If your switching unit is capable of broadcasting a live stream, you'll need to make sure the event venue has the right connections and enough bandwidth to do it.
Regardless of which workflow you choose, there are a couple of additional details to think about.
First, if you're going to run HDMI cable longer than 50 feet, you'll need a signal booster to ensure that the signal stays strong.
And finally, if a director will be calling shots, you'll need a headset communication system.
This will allow the director and crew to communicate discreetly, without disturbing the performance. If the budget is tight, you can use hands free bluetooth headsets and do a conference call with cell phones.
Okay, you've chosen your workflow, you've acquired every piece of gear you need, and shoot day has arrived. Setting up properly for a live event is crucial, because you may not be able to solve issues once the event begins. Let's start with some basic safety precautions.
Be sure to use gaffers tape to secure all your cords, and use sand bags to weigh down light stands. You may even want to use carpet runners to cover up cords in order to reduce tripping hazards.
Clear communication is crucial during the event, and labeling your cameras is a great way to ensure that there's no confusion between the director and camera operators.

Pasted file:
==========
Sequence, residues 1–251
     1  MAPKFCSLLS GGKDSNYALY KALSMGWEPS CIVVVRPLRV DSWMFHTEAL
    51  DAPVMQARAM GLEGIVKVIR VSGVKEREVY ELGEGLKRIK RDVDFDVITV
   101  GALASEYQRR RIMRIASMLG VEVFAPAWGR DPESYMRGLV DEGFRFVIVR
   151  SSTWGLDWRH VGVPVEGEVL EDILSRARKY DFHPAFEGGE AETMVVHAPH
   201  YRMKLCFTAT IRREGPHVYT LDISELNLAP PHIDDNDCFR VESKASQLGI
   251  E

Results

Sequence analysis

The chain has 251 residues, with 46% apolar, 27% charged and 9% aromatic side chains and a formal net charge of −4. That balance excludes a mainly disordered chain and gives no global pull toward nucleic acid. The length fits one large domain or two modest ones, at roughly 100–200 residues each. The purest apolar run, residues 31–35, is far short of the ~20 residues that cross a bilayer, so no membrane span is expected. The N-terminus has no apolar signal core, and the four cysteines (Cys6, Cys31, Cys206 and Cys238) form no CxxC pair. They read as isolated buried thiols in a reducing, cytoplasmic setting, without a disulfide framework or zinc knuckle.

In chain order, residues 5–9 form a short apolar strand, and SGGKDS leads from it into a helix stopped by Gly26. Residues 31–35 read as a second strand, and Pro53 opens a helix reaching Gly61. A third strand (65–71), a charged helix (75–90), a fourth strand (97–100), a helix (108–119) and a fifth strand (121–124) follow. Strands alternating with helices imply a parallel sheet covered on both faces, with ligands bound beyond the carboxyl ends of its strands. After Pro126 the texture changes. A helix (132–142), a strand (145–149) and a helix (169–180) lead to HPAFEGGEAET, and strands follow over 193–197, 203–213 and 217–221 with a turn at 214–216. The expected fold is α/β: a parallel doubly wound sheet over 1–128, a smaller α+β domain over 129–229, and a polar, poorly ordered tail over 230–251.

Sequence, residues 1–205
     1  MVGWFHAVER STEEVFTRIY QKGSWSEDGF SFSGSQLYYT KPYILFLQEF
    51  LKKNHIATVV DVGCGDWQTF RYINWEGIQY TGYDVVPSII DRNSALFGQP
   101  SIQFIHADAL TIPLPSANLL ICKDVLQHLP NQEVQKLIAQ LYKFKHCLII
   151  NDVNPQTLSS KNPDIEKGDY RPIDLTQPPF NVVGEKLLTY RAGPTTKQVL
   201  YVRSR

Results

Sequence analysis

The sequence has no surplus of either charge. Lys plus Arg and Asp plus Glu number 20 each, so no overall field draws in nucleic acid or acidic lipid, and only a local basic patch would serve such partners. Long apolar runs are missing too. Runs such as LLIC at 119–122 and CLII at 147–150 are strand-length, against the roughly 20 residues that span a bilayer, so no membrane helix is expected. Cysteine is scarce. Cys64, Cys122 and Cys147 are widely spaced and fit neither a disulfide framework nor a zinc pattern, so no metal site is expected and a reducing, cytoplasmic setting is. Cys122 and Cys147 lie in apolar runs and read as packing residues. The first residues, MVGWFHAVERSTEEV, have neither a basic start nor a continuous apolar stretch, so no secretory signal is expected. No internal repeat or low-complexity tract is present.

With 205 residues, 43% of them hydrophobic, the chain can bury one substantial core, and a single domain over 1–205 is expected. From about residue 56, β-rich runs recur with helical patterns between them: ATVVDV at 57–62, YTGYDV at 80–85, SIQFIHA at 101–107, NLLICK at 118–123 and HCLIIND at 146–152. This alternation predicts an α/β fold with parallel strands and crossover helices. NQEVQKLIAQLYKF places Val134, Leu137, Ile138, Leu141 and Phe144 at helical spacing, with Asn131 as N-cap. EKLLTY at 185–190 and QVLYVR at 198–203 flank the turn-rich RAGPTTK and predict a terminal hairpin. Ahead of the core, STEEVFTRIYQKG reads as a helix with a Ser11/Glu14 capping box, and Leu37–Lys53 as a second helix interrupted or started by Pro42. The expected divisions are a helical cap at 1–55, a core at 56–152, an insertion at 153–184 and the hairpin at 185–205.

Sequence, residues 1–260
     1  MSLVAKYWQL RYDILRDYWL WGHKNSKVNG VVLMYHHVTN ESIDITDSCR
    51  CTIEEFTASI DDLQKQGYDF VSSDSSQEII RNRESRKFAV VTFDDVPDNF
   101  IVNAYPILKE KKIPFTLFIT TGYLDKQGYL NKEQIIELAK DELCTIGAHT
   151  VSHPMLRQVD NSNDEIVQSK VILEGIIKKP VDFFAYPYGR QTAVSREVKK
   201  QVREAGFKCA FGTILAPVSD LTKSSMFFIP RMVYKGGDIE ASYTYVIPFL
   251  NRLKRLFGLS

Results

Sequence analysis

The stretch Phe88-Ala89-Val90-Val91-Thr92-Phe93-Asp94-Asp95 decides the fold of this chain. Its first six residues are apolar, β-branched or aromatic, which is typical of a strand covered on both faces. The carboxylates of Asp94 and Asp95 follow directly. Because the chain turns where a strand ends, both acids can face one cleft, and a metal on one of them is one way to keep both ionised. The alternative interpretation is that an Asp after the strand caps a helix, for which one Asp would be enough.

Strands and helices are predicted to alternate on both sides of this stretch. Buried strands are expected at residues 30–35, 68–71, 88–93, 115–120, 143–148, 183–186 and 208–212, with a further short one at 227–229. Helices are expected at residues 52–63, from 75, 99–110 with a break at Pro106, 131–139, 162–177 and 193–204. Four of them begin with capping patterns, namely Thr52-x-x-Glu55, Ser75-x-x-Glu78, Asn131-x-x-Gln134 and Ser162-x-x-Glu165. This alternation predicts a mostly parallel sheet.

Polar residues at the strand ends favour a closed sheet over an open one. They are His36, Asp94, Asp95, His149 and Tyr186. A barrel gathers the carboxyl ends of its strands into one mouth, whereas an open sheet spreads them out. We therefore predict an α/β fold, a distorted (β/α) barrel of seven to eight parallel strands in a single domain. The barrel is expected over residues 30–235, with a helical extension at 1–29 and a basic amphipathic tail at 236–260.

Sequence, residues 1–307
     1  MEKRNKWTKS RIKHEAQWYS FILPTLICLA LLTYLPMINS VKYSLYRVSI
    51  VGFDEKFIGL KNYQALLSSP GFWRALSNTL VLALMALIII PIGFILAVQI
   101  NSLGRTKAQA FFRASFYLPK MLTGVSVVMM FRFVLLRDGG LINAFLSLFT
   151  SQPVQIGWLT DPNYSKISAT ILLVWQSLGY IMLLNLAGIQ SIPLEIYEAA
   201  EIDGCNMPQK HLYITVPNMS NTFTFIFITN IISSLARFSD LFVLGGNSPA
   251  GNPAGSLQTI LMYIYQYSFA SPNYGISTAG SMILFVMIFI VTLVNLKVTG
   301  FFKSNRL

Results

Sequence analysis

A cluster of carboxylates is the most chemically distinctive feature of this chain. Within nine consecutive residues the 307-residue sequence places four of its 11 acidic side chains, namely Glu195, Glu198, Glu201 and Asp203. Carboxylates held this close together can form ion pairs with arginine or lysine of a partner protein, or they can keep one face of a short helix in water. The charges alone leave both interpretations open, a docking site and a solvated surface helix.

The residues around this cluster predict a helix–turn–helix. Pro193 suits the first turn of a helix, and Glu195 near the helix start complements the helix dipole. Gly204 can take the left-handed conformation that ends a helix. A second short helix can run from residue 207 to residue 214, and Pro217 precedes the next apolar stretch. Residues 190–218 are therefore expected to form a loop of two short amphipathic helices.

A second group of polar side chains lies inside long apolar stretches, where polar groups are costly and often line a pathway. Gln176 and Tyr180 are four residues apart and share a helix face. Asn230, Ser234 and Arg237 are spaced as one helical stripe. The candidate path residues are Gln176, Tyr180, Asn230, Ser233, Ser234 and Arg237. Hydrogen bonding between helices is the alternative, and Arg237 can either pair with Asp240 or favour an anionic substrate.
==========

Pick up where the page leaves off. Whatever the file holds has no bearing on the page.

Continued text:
Check each cameras frame rate and resolution to ensure that they all match. If you're recording for post-production, you may be able to change the file name setting to match the label on the camera, which will save time when you import your footage.
If you're lucky enough to have 3 of the same cameras, make sure to match the
internal settings such as sharpness, contrast, saturation and color tone,
and set each camera's white balance, exposure, ISO or Gain, and ND filters to match as well.
If you have a mixed set of cameras and you're using a live switcher, you can compare the shots side by side on the switcher monitor.
Otherwise, you can put the cameras side by side with similar framing, and match the colors and exposures as closely as possible.